Sunday, March 7, 2010

True Confessions: A Review

Here is what The New York Times critic Vincent Camby wrote about True Confessions when the movie came out in September 1981: “Quite simply it's one of the most entertaining, most intelligent and most thoroughly satisfying commercial American films in a very long time.” I have to agree that this is indeed an excellent film. While the film I recently reviewed, The Third Miracle, is really saved by the fine performances of Harris and Heche, True Confessions is nearly flawless in every aspect—acting, writing, directing, cinematography.

The movie stars Robert De Niro and Robert Duvall as brothers, the former a monsignor, the latter a cop, who become embroiled in a murder case in 1940s Los Angeles. Duvall’s character, an angry and bitter crusader for justice, clashes with the powerful but less than savoury friends of the archdiocese, of which De Niro’s character is the very ambitious chancellor. In the end, no one is free of the odour of lust and greed and the hunger for power. The monsignor becomes the scapegoat for the sins of the archdiocese and is banished to a parish in the desert, the same parish to which he was ordered to pasture an elderly priest whose self-appointed role as clerical conscience was more than his jaded cardinal could tolerate.


As the single-minded Tom Spellacy roots around in his investigation of the murder, he finds links between the victim and Tom's sometime mistress Brenda (Rose Gregorio), who runs what is crudely though accurately described as ''a $5 cathouse.'' There also are connections between Lois and Jack Amsterdam (Charles Durning), a big-time Los Angeles contractor and pillar of the Catholic Church, a fellow who is one of Msgr. Desmond Spellacy's softer touches. Jack Amsterdam, former pimp, now receives introductions to the Pope, builds church schools at cost and gets honored as ''the Catholic layman of the year.''

As the investigation continues, the connections become increasingly complicated and dangerous for just about everybody, except, perhaps, the urbane Cardinal Danaher (Cyril Cusack), who has made his archdiocese one the the country's wealthiest, and Frank Crotty (Kenneth McMillan), Tom Spellacy's partner. Crotty is a cheerfully crooked cop who takes small bribes but who would never railroad an innocent man to the gas chamber, as Tom might.

A web of sin and corruption connects nearly every character in this story; the tawdry and tainted atmosphere—noir on the surface but actually something deeper and more disturbing—is almost palpable. The innocent and wayward are the victims of the powerfully evil, and as the movie ends there is but a tiny glimpse of redemption in the self-awareness of the monsignor and the tentatively expressed love between the brothers.

The writing in this film is nothing short of superb. There is barely a contrived or artificial note in the entire movie and not one scene is predictable. When Tom Spellacy meets the parents of the murdered girl at the train station from where they will accompany her body home, he discovers a clue that will connect a big-time property developer to the case. The father is talking about his daughter and produces a small notebook in which she has written a sweet but sophomoric poem which the father begins to read but cannot finish. He gives the notebook to Spellacy who completes the poem and discovers on the same page a telephone number. In any other whodunit (which, of course, this film is not) the notebook would simply have appeared and the number found as the detective searched through it. Here, however, the pathos of the father’s loss completely disarms the viewer and overshadows the discovery of the number until a subsequent scene when a reverse directory reveals that the number belongs to the developer.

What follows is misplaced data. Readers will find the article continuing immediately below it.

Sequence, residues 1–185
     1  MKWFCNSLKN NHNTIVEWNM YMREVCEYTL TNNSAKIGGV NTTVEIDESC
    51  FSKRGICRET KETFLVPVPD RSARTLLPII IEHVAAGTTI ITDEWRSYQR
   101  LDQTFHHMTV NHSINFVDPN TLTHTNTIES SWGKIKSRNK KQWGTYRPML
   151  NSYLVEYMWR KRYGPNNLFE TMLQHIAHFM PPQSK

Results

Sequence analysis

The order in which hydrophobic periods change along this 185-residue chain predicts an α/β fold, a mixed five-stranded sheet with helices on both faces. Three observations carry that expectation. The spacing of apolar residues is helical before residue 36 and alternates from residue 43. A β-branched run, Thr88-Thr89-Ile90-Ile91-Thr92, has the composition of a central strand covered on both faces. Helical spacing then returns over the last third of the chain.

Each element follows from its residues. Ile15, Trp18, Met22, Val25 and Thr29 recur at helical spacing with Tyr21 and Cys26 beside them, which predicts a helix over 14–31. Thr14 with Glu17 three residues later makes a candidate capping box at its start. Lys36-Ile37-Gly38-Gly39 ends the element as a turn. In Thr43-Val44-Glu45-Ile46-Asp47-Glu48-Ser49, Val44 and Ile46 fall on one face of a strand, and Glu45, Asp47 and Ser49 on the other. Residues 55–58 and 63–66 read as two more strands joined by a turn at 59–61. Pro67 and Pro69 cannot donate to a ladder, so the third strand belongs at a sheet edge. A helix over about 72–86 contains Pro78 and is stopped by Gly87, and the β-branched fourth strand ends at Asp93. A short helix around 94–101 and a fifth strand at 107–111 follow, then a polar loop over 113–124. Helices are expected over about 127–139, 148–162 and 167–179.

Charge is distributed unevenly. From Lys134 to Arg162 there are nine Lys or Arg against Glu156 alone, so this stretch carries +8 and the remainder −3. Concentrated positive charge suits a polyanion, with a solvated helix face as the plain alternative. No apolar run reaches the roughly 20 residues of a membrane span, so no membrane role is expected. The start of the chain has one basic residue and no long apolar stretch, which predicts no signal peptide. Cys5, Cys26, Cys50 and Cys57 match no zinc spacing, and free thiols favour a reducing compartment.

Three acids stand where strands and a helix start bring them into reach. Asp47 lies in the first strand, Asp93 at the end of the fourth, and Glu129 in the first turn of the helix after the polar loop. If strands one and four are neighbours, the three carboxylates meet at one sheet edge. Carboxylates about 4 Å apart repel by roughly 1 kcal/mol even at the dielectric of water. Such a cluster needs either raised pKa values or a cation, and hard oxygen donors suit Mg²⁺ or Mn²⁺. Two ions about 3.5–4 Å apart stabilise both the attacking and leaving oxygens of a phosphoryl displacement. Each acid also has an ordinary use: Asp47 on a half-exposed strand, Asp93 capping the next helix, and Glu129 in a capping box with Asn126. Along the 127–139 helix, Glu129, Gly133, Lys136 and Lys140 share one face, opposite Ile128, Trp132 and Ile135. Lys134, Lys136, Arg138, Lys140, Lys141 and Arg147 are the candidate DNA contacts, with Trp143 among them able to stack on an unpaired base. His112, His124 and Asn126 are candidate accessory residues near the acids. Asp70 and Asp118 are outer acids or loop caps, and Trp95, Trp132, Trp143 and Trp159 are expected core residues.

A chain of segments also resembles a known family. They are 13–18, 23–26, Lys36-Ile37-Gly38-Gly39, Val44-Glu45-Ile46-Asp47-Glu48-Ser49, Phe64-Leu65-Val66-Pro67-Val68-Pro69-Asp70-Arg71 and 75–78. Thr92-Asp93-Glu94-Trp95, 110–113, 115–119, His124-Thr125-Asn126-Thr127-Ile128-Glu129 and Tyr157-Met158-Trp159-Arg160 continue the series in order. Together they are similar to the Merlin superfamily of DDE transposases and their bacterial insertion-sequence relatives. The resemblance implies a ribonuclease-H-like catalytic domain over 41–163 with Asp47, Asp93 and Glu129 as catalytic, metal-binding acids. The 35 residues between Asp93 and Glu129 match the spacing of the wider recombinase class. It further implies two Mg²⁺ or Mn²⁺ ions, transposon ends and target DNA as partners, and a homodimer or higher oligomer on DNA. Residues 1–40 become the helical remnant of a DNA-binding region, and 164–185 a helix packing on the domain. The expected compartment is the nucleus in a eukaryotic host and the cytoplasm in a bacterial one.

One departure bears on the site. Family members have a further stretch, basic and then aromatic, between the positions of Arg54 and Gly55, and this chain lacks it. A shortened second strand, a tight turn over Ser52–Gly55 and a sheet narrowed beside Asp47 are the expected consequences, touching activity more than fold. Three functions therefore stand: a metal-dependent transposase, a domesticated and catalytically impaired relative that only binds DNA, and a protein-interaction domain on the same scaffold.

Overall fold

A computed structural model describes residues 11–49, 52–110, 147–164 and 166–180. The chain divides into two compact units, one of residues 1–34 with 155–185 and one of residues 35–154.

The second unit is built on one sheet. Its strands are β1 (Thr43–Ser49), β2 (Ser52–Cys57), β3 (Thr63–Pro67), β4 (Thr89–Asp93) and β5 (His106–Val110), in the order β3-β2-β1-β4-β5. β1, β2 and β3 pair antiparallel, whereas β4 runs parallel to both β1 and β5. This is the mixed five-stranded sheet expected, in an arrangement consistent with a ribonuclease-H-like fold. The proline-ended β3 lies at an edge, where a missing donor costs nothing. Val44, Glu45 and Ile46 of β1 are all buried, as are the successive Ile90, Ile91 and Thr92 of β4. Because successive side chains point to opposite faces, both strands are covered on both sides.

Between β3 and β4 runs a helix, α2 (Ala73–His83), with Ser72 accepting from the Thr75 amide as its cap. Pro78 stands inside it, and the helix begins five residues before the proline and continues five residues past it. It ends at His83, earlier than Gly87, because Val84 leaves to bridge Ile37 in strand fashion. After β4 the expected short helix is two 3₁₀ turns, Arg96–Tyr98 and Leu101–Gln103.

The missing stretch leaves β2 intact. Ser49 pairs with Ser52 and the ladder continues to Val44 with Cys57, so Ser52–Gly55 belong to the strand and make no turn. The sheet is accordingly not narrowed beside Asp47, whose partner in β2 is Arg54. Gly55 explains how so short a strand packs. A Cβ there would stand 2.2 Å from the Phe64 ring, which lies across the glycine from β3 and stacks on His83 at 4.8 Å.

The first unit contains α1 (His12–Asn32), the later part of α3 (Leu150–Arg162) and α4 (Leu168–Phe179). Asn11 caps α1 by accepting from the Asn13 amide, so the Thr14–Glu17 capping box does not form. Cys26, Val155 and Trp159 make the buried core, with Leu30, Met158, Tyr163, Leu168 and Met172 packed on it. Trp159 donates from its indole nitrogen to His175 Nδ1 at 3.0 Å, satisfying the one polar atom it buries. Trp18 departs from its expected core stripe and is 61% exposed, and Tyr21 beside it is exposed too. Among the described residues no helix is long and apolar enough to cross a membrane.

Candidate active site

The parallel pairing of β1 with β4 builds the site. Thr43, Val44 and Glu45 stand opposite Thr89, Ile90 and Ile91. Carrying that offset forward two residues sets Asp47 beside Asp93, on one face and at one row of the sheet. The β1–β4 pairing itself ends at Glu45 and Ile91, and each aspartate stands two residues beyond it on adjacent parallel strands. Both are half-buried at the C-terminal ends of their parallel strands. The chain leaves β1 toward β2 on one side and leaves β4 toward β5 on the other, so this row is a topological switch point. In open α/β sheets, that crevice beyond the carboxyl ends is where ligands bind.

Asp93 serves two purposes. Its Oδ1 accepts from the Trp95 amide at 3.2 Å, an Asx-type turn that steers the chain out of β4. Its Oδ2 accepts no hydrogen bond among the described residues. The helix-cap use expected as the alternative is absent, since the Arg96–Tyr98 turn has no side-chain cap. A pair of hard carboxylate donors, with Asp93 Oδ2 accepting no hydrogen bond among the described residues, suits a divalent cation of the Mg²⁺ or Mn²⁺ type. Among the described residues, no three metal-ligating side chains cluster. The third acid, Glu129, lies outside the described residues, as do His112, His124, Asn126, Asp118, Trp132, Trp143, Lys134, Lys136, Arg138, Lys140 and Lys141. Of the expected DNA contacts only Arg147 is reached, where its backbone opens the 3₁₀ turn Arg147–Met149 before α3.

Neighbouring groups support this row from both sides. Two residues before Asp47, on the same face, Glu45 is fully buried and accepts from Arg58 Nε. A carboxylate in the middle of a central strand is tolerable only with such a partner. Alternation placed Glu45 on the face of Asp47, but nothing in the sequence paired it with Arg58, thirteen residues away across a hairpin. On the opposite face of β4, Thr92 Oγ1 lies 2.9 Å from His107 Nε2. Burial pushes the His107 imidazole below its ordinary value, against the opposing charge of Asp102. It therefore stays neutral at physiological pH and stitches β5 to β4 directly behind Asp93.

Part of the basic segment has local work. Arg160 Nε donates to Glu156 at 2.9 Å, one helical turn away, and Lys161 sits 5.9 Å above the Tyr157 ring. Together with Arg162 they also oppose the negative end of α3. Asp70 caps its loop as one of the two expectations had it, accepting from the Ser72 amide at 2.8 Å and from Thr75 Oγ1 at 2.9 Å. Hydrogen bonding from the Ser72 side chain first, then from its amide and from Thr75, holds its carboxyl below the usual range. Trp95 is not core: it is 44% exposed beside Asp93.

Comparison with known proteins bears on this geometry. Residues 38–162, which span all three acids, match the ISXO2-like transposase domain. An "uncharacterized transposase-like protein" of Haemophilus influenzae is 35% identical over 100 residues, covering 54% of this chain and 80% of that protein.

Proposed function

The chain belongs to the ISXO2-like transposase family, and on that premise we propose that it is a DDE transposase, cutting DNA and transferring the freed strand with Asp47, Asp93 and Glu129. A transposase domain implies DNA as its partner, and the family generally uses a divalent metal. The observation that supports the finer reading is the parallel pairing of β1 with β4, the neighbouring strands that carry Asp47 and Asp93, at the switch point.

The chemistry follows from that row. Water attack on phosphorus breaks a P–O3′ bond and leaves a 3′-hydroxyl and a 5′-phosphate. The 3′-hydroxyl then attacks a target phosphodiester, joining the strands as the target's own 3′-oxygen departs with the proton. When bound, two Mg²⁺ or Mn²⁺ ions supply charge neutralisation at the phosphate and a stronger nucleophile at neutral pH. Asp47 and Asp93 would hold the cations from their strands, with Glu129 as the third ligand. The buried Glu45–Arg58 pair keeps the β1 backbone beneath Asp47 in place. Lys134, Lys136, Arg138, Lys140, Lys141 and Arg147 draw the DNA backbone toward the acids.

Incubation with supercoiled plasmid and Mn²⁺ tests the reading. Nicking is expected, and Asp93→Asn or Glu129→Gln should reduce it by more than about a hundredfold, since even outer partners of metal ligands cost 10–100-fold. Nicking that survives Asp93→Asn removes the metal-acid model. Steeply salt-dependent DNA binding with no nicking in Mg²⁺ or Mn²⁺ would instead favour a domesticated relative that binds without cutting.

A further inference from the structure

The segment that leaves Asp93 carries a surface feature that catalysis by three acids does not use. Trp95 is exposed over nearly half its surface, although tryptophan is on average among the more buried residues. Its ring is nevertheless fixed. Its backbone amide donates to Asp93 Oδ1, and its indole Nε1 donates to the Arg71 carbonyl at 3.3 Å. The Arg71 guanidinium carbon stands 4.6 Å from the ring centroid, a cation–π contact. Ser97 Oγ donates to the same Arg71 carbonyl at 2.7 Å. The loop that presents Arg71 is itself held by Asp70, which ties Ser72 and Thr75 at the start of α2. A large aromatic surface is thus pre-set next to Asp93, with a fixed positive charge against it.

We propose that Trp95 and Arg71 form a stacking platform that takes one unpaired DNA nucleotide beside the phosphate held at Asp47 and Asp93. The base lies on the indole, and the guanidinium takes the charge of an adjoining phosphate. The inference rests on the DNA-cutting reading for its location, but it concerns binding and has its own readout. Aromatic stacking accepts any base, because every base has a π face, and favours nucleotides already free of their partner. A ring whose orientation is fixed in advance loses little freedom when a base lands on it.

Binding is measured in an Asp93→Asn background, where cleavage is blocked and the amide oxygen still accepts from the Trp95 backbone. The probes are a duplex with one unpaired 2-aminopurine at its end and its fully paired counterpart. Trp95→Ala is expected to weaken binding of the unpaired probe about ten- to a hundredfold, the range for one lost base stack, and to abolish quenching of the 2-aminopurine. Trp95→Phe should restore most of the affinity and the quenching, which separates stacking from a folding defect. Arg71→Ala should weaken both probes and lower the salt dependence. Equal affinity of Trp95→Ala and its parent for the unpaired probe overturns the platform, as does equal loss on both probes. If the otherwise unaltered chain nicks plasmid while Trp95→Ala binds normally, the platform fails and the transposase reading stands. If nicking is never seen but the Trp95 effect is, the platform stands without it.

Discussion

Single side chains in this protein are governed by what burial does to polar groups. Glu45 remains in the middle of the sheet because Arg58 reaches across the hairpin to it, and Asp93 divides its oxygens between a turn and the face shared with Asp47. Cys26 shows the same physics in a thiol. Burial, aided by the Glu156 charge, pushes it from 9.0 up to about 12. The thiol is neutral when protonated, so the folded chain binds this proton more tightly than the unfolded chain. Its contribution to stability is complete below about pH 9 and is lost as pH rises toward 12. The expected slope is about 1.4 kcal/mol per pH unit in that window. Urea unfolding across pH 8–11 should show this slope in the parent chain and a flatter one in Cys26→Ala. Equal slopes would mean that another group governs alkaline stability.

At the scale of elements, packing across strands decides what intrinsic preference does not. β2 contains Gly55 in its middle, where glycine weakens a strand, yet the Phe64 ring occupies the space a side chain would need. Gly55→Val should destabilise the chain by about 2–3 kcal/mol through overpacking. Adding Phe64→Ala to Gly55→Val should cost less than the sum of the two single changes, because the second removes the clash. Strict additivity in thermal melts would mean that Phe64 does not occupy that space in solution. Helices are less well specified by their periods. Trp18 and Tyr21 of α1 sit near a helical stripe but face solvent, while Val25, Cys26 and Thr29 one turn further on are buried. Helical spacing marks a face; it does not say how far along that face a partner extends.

The characters, even the most minor of them, are fully drawn, from Brenda, the “$5 cathouse" madam, subtly and beautifully portrayed by Rose Gregorio, to the parents of the dead girl, who appear in only one scene. Unlike the caricatures of bishops we see in films like The Third Miracle and Priest, the cardinal in True Confessions, played by Cyril Cusack, is so brilliantly understated in his inhumanity we are compelled to believe he is real.

The performances of De Niro and Duvall, as well as several of the supporting actors, are also outstanding.

Mr. De Niro and Mr. Duvall are at the peak of their talents here. They work so beautifully together it sometimes seems like a single performance, two sides of the same complex character. But then the film is stuffed with memorable performances. They include those of Mr. [Charles] Durning and Ed Flanders, as the most prominent laymen in the monsignor's parish; Burgess Meredith as Seamus Fargo, an ancient, crotchety, seriously committed monsignor who's being given the expedient sack in the course of the film; Miss Gregorio, who has never before had a film role to equal this one, which she brings to vivid life, and Mr. Cusack and Mr. [Kenneth] McMillan.

True Confessions is more a morality tale than a classic film noir. In the film, the powerful and corrupt, whether they be businessmen or cardinals, may be clever enough or well connected enough to escape the judgment of the law, but they cannot avoid the final judgment—eternal damnation by the body of the faithful to the miserable hell endured by all cinematic villains.

Every time I watch this film, it stays with me for days. Highly recommended.

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